That one is called Cava de Oro (NOM 1477). Once again we toured the distillery and tasted all five types of tequila from one of their brands. We also tried a mezcal and another añejo that had been aged in red wine barrels.  This time as part of the tasting, Monse gave us fruit and sweets that were paired with each of the tequilas (and the mezcal) in order to bring out the flavors. It was very interesting, We preferred the first distillery to this one, that not meant to be a criticism, simply a matter of taste.

We headed from Cava de Oro to a restaurant called Ruinas El Chimulco. It is a pueblito called Amatitan and it perfectly encapsulates what we have found in Mexico. We parked at the top of the hill when we entered the village. There were a bunch of nondescript houses on the main street. We suddenly stopped and entered through a doorway and we were in a beautiful, park-like courtyard. It was gorgeous. I ordered a shared meat platter and a chicken mole with the two ladies from San Diego. Everyone else ordered some for themselves and some for the table. We had a huge amount of delicious food, most of which we finished.

We piled back into the car and we drove to the town of Tequila. Monse dropped us in the center of town and we spent about 30 minutes wandering around. The town has a large square (with a church in the center of course).

Around the corner of the church there was another square with a small tourist market and the obligatory Tequila Instagram sign. There were lots of people selling cantaritos (a local tequila drink) on the street in ceramic mugs. We passed by the Jose Cuervo and the Sauza distilleries in our wanderings, but did not stop for their tours. We headed back to the square, found Monse and headed home.

We got home at about 9:30 and promptly decided to head out to a nightclub…Only kidding, we collapsed into bed and watched the football game and some tennis.

….and that was just Saturday.

A relaxing weekend

Our drinks at De La O

We started our weekend on Friday night by walking over to a bar called De La O Cantina. It is a pretty hip place with interesting drinks and tacos. One of the challenges we have found is that many of the places that we are planning visit do not have websites and/or have a Facebook page that doesn’t have a menu. De La O falls into the latter category. What is up with the Facebook pages? They are less than useful. This is a bit of a challenge for us as the food here is very meat focused (Good for me! Bad for Sue). Luckily De La O had vegetarian options and so it worked out. In addition to having interesting tequila drinks (the one at the right has fermented pineapple in it), they brought around a small batch agave drink that we think was called Mezcalito for us to taste. It was very good and when we go to Tequila next week, we will see if we can find it.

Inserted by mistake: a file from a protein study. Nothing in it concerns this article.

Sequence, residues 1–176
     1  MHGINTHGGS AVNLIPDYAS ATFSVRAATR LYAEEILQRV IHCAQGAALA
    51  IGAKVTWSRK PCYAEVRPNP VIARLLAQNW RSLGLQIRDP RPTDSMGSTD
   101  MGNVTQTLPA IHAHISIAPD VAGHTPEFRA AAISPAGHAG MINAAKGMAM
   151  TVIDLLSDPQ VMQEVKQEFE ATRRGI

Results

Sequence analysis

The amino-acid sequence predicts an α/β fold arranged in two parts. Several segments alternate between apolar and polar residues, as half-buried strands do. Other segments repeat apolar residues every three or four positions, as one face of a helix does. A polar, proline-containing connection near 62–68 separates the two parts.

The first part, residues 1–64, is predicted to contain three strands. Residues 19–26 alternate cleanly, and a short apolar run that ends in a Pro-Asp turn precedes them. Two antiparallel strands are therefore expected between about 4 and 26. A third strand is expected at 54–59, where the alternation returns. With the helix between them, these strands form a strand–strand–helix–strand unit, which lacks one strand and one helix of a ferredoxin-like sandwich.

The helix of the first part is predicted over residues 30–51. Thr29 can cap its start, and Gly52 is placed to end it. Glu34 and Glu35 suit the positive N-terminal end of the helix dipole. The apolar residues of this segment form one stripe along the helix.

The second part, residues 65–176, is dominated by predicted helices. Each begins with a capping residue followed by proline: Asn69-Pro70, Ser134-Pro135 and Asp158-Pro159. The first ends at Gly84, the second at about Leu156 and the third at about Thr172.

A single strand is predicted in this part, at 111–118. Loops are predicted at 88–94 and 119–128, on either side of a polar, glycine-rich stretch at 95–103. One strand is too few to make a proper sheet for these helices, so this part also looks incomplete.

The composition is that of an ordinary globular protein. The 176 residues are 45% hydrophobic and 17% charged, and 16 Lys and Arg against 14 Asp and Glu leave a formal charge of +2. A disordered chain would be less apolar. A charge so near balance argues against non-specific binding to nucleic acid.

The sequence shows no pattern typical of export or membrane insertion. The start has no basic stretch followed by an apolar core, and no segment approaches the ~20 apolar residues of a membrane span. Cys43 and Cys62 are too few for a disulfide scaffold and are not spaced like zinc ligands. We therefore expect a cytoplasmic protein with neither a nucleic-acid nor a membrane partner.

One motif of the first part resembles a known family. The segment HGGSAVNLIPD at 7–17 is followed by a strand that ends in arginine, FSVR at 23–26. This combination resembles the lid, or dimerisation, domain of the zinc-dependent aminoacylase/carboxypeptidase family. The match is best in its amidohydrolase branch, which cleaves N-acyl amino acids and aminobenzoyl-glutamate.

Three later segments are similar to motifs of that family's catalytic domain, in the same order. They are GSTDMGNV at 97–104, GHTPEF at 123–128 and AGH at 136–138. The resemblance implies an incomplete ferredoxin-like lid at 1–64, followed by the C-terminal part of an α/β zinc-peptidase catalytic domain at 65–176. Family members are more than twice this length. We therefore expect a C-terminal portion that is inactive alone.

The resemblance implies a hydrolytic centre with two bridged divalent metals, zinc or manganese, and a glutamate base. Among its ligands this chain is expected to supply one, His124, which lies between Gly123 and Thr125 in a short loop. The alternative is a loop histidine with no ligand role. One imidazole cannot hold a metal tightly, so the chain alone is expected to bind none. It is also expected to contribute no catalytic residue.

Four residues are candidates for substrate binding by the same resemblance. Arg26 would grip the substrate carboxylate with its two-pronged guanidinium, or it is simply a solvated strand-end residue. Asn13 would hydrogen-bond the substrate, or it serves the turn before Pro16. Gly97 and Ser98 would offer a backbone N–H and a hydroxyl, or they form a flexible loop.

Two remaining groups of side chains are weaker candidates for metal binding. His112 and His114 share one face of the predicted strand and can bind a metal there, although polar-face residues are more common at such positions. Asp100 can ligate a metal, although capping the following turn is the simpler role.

Saturday, we took an Uber to a little pueblito (small town) called Tlaquepaque that is on the outskirts of Guadalajara. It has a couple of very small ceramics museums, many street statues, pretty architecture, lots of places selling tourist stuff and, of course, the required Instagram sign. Every cute little tourist town is outwardly similar, but they all reflect the diverse culture of their areas.

We wandered around for a couple of hours just soaking up the sunshine and the vibe. Later in the afternoon, we headed for dinner at Restaurant Casa Luna (once again, just a Facebook page). They had their menu outside so we were sure we could find things we both like. The restaurant is housed in a courtyard with beautiful chandeliers and lots of hanging lanterns. The food was delicious and there was a band playing Mariachi music which made dinner incredibly pleasant.